What is Duty Drawback?

Originally enacted in 1789 as part of the Original Tariff Act, the drawback law allows for the refund of duties, taxes, and fees on imported merchandise that is subsequently exported.

For example: A company imports sunglasses from its factories in China into its US North America distribution facility and pays a 2.1% duty on the imported value. 70% of the frames are sold at its domestic retail stores, while 30% of the sunglass frames are exported to stores in Canada and the Caribbean. The Company is eligible for a refund of the 2.1% it paid in duty when the imported frames are exported to Canada and the Caribbean.

There are four primary drawback legal
provisions found in United States Code Section 1313:
  • Manufacturing Drawback: Drawback on raw materials and component parts used to make a new and different article of commerce. The production process must result in a product with either a new name, character, or use.
  • Unused Merchandise Drawback: Drawback on imported materials or finished products exported in essentially the same condition. This provision allows for an extensive list of incidental operations, such as testing, cleaning, and painting. Essentially any value-added process short of a manufacturer, as defined above, is allowable under unused merchandise drawback. However, the merchandise cannot be used in the United States for its intended purpose prior to exportation.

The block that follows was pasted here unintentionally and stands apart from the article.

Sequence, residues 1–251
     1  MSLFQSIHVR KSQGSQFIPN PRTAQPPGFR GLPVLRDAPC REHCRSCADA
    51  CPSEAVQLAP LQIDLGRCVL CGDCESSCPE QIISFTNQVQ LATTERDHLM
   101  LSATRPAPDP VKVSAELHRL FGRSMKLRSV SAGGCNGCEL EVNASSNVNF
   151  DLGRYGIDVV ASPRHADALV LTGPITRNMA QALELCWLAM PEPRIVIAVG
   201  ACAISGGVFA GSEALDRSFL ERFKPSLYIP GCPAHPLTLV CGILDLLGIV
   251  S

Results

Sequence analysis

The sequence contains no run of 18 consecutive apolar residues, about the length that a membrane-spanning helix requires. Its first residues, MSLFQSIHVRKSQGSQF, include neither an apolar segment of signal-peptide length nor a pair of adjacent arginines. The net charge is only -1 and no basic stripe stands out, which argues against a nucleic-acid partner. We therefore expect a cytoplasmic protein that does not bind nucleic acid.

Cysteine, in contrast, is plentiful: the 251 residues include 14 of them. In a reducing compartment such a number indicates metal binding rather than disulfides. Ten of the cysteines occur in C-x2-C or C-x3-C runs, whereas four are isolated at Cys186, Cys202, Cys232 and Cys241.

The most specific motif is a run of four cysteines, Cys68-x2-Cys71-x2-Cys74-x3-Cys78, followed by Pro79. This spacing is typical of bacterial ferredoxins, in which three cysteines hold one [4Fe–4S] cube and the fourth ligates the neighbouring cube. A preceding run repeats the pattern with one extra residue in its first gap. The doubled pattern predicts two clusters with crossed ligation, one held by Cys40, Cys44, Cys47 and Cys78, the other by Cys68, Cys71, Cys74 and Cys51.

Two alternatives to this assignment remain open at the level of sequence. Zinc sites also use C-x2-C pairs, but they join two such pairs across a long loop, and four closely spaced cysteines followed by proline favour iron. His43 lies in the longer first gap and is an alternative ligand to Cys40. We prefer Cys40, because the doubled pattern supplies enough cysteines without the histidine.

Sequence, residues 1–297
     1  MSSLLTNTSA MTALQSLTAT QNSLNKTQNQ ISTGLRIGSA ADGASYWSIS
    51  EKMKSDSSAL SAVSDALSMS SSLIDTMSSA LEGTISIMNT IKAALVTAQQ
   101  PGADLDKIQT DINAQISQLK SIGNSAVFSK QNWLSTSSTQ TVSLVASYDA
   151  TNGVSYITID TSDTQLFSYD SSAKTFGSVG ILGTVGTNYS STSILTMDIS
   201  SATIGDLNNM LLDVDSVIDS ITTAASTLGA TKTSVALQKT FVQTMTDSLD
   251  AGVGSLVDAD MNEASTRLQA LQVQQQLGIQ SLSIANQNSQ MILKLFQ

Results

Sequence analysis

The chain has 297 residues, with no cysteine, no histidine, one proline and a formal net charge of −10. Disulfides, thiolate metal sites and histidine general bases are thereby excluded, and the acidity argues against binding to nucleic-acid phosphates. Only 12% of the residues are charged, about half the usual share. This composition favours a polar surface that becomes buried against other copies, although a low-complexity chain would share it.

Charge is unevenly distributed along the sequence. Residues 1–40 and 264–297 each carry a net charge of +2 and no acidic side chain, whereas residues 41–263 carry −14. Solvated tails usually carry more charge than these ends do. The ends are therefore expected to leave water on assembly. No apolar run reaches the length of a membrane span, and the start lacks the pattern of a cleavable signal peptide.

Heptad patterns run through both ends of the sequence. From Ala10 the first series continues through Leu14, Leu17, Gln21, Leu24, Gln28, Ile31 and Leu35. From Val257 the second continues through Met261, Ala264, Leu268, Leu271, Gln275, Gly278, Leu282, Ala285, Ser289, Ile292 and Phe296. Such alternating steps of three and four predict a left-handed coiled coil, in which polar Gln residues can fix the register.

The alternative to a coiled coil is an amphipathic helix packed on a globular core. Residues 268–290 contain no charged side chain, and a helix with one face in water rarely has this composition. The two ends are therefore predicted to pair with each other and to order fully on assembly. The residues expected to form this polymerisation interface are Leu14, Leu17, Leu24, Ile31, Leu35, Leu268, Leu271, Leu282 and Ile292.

• Rejected Merchandise Drawback: Drawback on imported materials that do not meet specifications at the time of importation or are shipped without the consent of the consignee. The imported merchandise can be either returned to the vendor or destroyed under Customs supervision and qualify for drawback. This provision does allow for the use of the merchandise in the US. For example, imported shoes are sold at the retail and returned by the consumer due to a defect. The shoes can be exported with the benefit of drawback.
Methods of matching imports and exports (applies to both manufacturing and unused merchandise drawback):
  • Direct Identification: Using lot number and serial number tracking to match an export with its exact importation. In the absence of lot numbers and serial number tracing, a drawback claimant can instead utilize one of the acceptable drawback accounting methods as a way of complying with the requirements.
  • Substitution: Instead of requiring direct tracing from import to export, the substitution method allows drawback claimants to match “similar” merchandise within very broad time frames. The definition of “similar” products has evolved over the years with the amendment of the drawback law. The most recent change to the law via the Trade Facilitation and Enforcement Act (TFTEA) defines like merchandise as products that fall within the same 8 digit Harmonized Tariff Schedule Number. Note: The ability to use the substitution methods applies to both manufacturing drawback as well as unused, but the rules vary for each.

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